Wesleyan Assurance Society is set to create 90 new jobs at its head office in Birmingham as it invests in a new division to boost sales.
The Birmingham-based mutual, which specialises in financial services for doctors, dentists, lawyers and teachers, is setting up a new centre aimed at increasing the productivity of its sales staff.
Local business leaders welcomed the announcement, which comes at a time when the region is set to lose thousands of public sector jobs through cutbacks to Government spending.
Jerry Blackett, chief executive of Birmingham Chamber of Commerce, said Wesleyan’s recruitment drive would help Birmingham build its name as a financial services centre.
“It’s heartening to hear of a long-established Birmingham company like Wesleyan bucking the trend and recruiting more staff,” he said.
“This will be a boost to Birmingham’s reputation for being the UK’s largest centre for financial and professional services, outside of London. Wesleyan is one of the few financial services companies to emerge unscathed from the downturn in this sector.
“Moreover, as a mutual it has no shareholders and is run for the benefit of its members.
“In these uncertain times, this single-minded focus has been key to Wesleyan’s success.”
Wesleyan, whose history stretches back to 1841, employs around 1,000 people with two-thirds based at its head office in Birmingham and the remainder forming part of a national sales force.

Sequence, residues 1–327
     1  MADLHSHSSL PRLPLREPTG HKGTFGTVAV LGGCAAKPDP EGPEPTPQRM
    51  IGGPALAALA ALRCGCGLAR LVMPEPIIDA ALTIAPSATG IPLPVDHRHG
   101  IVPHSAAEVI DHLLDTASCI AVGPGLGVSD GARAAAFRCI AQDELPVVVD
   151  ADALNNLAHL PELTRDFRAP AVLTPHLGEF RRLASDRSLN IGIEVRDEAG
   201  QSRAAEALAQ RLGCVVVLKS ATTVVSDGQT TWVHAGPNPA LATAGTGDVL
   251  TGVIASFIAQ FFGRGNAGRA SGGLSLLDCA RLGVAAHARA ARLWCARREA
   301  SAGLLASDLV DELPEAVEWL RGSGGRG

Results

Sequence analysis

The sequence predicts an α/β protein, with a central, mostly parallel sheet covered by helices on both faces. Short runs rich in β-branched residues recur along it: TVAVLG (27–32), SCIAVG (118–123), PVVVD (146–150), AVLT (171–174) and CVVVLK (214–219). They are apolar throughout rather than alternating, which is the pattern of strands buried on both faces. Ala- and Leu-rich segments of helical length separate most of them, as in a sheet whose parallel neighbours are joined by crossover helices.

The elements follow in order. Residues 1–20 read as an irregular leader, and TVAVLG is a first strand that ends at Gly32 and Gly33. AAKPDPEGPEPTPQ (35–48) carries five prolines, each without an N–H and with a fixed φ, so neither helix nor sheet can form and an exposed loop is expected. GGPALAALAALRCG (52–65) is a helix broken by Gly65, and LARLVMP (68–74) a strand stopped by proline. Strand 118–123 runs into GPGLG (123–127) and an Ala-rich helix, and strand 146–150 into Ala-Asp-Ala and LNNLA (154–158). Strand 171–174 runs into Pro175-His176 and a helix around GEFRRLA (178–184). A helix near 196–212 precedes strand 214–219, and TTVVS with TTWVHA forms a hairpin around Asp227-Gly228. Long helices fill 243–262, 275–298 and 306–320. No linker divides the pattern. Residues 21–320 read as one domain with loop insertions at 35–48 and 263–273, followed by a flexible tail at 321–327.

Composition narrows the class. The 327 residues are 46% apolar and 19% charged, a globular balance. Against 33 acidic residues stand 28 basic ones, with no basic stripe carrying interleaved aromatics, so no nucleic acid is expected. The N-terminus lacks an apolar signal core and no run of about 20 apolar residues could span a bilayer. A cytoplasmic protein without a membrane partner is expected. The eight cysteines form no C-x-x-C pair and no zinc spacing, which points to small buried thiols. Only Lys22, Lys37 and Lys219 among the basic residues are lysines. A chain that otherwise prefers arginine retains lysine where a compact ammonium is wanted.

The mutual’s expansion drive comes six months after its acquisition of the £50 million personal loan portfolio of Liverpool Victoria Banking Services, doubling the assets of its subsidiary the Wesleyan Bank and prompting it to take on new staff.
It also bought Poole-based firm Key Business Professions at the same time, a provider of short-term loans for lawyers.
Wesleyan is embarking on its latest recruitment drive after internal research revealed that its financial consultants were spending nearly as much time setting up appointments as they were spending with customers.
In response, it ran a year-long pilot for its Sales Relationship Centre (SRC) which allowed financial consultants to spend more time with customers and increased the number of clients seen and sales made.
Sam Porter, Wesleyan’s director of marketing said: “The pilot shows that creating an SRC will not only help to increase sales force productivity but will also allow financial consultants to spend more quality time with clients discussing their financial needs.
“As a specialist provider we have a clear understanding of the needs of our customers and the issues that are impacting on them and their professions.
“This insight will allow the SRC to support customers who might be affected by changes in pension schemes or tax legislation, for example, in a timely manner.”